CANBERRA (Dow Jones Newswires), Dec. 31, 2010
Floods devastating large areas of Australia's Queensland state will worsen in the coming days with more damage expected across the continent, authorities warned Friday.
Heavy rains and flooding in central Queensland have already cut coal production and exports from the region. Coal mining, haulage and export is the major industry in central Queensland, a major global supply source of coking coal, used in steelmaking. Central Queensland and the Hunter Valley in New South Wales are the heartland of Australia's A$50 billion-a-year coal export industry.
The floods have forced many of the biggest miners including BHP Billiton, Rio Tinto and Anglo American to stop production and cancel deliveries.
The port of Bundaberg has been closed to commercial shipping indefinitely, while coal supply to other ports operated by the Gladstone Ports Corp. has stopped due to extensive flooding. The port is now able to load only from existing stockpiles, Acting Chief Executive Craig Walker said in a statement Friday.
Crops and livestock have also suffered but a proper assessment of damage is expected only after floodwaters recede.
After the wettest spring on record across Australia, large areas of the northeast coast and central Queensland have received in the range of 400 millimeters to 600 millimeters of rain so far this month, according to the government's Bureau of Meteorology. The wet season in Queensland usually runs from December to March.
Increased rains this year are associated with a La Nina climate episode in the Pacific Basin. In a weekly tropical climate note this week, the weather bureau said La Nina conditions continue to dominate the tropical Pacific and weather models suggest it will persist through the Southern Hemisphere summer.
The flood damage can't be estimated for now, but likely will cost governments hundreds of millions of dollars, Prime Minister Julia Gillard said Friday. The natural disaster across Queensland is still unfolding, she said.
"I can't tell you what the damage is going to be because we are still in the middle of the flood," which will arrive at places like Rockhampton city in the coming days, she told reporters during an inspection tour of the region with Queensland Premier Anna Bligh.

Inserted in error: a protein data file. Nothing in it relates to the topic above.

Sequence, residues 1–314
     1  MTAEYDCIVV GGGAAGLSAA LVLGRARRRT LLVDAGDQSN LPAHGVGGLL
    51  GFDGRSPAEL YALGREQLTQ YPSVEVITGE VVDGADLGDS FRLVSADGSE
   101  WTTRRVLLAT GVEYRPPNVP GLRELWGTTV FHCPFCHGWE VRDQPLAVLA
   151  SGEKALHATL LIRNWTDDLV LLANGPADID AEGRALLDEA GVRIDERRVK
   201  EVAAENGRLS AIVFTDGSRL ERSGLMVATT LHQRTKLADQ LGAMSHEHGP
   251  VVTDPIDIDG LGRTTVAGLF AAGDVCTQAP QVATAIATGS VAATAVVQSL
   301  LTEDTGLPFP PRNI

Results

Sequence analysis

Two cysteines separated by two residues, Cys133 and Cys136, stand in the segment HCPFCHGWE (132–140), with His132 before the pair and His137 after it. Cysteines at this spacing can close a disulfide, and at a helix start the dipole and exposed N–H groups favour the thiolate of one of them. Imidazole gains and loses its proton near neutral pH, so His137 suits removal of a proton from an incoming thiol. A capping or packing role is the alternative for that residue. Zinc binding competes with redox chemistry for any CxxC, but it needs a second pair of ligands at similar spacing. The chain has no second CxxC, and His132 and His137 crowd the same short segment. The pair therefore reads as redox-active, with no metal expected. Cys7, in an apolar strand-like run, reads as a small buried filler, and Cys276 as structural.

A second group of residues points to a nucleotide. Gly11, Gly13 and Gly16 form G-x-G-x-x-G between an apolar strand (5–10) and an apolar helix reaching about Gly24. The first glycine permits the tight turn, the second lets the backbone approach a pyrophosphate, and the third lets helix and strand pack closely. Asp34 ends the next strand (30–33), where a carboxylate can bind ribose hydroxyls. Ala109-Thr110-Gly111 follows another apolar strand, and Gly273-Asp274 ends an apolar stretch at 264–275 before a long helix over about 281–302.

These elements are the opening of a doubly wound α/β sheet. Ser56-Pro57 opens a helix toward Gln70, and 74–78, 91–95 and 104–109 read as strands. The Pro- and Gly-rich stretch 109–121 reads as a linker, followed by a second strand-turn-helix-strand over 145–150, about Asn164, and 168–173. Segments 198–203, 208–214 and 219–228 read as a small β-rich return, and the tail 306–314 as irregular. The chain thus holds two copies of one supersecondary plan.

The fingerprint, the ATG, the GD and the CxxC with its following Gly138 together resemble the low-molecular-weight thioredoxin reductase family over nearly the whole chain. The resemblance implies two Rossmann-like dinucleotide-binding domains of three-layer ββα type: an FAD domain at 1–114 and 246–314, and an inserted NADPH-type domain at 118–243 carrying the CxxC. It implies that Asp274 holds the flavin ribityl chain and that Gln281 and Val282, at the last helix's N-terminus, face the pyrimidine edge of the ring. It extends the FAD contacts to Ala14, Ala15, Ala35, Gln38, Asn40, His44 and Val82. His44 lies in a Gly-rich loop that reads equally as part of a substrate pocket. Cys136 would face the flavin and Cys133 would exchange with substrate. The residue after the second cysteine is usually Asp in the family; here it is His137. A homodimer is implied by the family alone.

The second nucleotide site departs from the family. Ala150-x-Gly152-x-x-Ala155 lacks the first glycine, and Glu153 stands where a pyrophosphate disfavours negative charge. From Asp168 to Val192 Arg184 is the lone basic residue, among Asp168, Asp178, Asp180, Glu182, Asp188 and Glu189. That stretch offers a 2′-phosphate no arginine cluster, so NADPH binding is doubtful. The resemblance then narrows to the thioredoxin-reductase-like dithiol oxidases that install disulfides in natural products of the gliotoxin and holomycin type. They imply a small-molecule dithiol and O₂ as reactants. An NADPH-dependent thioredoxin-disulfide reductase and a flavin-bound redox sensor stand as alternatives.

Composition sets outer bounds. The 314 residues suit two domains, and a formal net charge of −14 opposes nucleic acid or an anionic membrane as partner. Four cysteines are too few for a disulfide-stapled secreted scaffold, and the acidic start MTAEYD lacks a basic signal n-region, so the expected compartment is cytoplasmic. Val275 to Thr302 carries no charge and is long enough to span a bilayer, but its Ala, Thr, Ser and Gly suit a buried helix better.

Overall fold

Federal and state agencies are working together on disaster relief and recovery arrangements in towns in the path of floods such as Emerald, Condamine and Theodore, she said.
Bligh, who previously said the damage bill from the floods will run into billions of dollars, said a "very serious, dire" situation is emerging in and around Emerald town, warning Friday that a "large group of people will become homeless in the next 24 hours."
The Mayor of Rockhampton, Brad Carter, said floods in the city of 75,000 could peak at an all-time high by Tuesday and remain near peaks for about 10 days. It is possible authorities will have to invoke compulsory evacuations in parts of the city.
Gillard announced the government will provide extra payments of up to A$1,000 each for people significantly affected by the Queensland floods crisis, such as those who have lost their houses or whose houses sustained major damage.
That will be in addition to funds provided through the Natural Disaster Relief & Recovery Arrangements, which are being provided for counter-disaster operations and for the restoration of essential public infrastructure, including bridges, roads and schools.
There are 41 local government areas in Queensland that have been declared natural disasters zones.
The Chief Executive of lobby group Queensland Resources Council, Michael Roche, said the priority now is employee safety and the welfare of local communities rather than the broader cost to the industry, which is likely to be hundreds of millions of dollars.
"Many coal mines in the Bowen Basin are either operating with skeleton staff or focusing entirely on supporting their communities from what appears to be a major flood threat, especially in the central highlands," he said late Thursday.
In the far northwest, the government's Bureau of Meteorology said a tropical cyclone is expected to develop Saturday and move along southwest along the Pilbara coast, where much of Australia's liquefied natural gas and iron ore export industries are located.
Port Hedland and Dampier, ports that account for a third of the global trade in iron ore, are to close over the weekend ahead of the expected cyclone.
U.S. energy company Apache Corp. (APA) said it has suspended production at its offshore Stag and Legendre oil fields following the cyclone warning.
Australian energy company Woodside Petroleum Ltd (WPL.AU) said it has halted oil production at two offshore facilities ahead of the forecast cyclone.
"In response to the tropical low currently over the Kimberley (region), Woodside has shut in production from the Vincent oil field off the coast of (the town of) Exmouth and the Cossack Pioneer on the North West Shelf" in Western Australia, the company said in a statement.
Meanwhile, in southeast Australia, where ferocious wildfires claimed 173 lives early last year, authorities issued "catastrophic" fire warnings Friday with temperatures forecast in some districts at 44 degrees Celsius and strong winds.
Copyright (c) 2010 Dow Jones & Company, Inc.
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